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class="style5" Two Way Mirrors

>Published : 10th July 2005

>I am looking for two way mirrors that are optically as clean as possible. I am also hoping for glass that is as opaque as possible on the mirrored side with the most possible light transmission to the other side. A fine balance...I know. I am shooting video with small Toshiba ice cube cameras and Sony xc-777 & xc-999's. The art dept is currently using glass that requires a lot of gain. Not so bad with the Toshibas, but the Sony’s are getting grainy. This is not about the video cameras though...its about the mirrored glass.

Thanks,


Raoul Germain
DP
NY, LA, NY, LA


>Try Tommy at Pancro Mirrors Inc

>Tel. 818 834 2926.

>Carey Duffy
South London Filter Ltd
http://www.camerafilters.co.uk


>Raoul Germaine writes :

class="Paragraph">> I am looking for two way mirrors that are optically as clean as possible.

>If you mean a mirror that you can shoot through they're usually referred to as transparent mirrors.

>Try :

>Torstenson Glass Company
3233 North Sheffield Avenue
Chicago Illinois
Phone 773-525-0435
Fax 773-525-0009

class="Paragraph">>I am also hoping for glass that is as opaque as possible on the >mirrored side with the most possible light transmission to the other >side. A fine balance...I know.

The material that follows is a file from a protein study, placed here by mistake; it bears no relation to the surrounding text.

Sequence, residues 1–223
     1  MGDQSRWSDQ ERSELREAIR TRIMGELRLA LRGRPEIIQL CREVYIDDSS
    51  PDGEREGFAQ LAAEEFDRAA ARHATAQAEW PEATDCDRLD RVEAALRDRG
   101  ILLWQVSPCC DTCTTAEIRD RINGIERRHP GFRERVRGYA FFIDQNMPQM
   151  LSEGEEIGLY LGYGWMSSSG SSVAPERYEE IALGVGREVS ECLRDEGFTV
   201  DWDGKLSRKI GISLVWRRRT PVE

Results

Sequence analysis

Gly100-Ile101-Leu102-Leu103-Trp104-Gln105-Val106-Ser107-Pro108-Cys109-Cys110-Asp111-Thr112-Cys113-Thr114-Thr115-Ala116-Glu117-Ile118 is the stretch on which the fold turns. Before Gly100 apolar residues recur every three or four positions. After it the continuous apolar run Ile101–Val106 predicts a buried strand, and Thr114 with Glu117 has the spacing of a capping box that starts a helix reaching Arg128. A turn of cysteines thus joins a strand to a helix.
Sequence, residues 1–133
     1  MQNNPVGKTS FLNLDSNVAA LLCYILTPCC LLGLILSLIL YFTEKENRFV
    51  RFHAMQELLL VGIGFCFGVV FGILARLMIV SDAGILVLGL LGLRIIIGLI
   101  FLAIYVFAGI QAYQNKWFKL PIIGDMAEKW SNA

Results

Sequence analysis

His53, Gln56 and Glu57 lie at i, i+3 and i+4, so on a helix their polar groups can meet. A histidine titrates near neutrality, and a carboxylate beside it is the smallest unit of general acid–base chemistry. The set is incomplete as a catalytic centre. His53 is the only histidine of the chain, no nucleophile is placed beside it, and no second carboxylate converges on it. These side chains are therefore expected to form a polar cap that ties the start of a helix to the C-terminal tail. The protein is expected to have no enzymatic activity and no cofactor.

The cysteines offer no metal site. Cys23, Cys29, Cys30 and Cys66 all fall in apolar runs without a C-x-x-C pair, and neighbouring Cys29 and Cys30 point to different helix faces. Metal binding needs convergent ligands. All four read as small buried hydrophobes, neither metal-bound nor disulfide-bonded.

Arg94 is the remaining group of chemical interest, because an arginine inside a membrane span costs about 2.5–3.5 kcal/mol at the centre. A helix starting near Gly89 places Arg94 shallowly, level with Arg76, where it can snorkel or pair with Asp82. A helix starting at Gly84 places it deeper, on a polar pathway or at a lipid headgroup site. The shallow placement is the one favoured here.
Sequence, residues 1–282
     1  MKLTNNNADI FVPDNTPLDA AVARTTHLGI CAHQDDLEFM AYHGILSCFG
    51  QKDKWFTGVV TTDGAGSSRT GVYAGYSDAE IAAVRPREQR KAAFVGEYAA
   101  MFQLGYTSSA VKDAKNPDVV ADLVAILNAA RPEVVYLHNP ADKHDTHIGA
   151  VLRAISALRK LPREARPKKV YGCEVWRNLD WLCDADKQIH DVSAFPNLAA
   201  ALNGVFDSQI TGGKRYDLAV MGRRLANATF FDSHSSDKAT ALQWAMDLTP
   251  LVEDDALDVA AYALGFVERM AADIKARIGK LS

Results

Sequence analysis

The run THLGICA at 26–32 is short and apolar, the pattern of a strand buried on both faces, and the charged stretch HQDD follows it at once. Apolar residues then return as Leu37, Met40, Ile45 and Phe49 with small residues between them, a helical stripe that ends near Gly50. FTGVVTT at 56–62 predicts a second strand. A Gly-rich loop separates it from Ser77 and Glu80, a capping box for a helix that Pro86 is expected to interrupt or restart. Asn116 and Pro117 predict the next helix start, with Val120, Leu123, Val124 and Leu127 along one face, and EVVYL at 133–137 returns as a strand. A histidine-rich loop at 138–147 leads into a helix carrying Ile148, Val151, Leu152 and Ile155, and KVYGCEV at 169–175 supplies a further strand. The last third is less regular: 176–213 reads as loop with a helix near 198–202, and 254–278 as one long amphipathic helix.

>It seems like you conflicting requirements. More light on the subject side may be the answer.

>Brian Heller
IA 600 DP


>Raoul wrote :

class="Paragraph">> I am looking for two way mirrors that are optically as clean as possible.

>At the risk of sounding obvious, its also about the difference in light level on either side of the 2-way-mirrors. I'm sure you've thought of all this before - your post indicates you know that a really efficient mirror is not that good of a mirror.

>For clarity :

>"Mirror Side" = the bright side that's being spied upon from behind the mirror.
"Hidden Side" = the dark side that's spying through the mirror.

>As you know, the "Mirrored Side" of the space should have high light levels. the other "Hidden Side" needs to be much darker (dark walls are a big help to hide things, and you light only the characters there). With a large enough space, good art direction and proper lighting, you can achieve a reflection that disguises the dark side with just clear glass ! a partially silvered mirror is necessary only when you need it to look like a mirror, or when the space is tiny and lighting options are limited.

>if you need to be shooting in the Hidden Side, the light levels there need to be at whatever level avoids excessive gain, and therefore the "mirror side" needs to have the lighting boosted even more in comparison (all depends on the percentage of your partially silvered mirror). unless of course you can play the people in the dark side as silhouette’s against the window.

>Art Direction and gimballed mirror may help in getting rid of unwanted reflections and allow you to either maximize the reflections to hide the dark side or tilt down into the darker furniture so you can see through it better, but still feel a reflection. Brighter walls in the Mirror room will help a lot, or very hot spots of practicals or light on the tables and walls if its to feel moodier.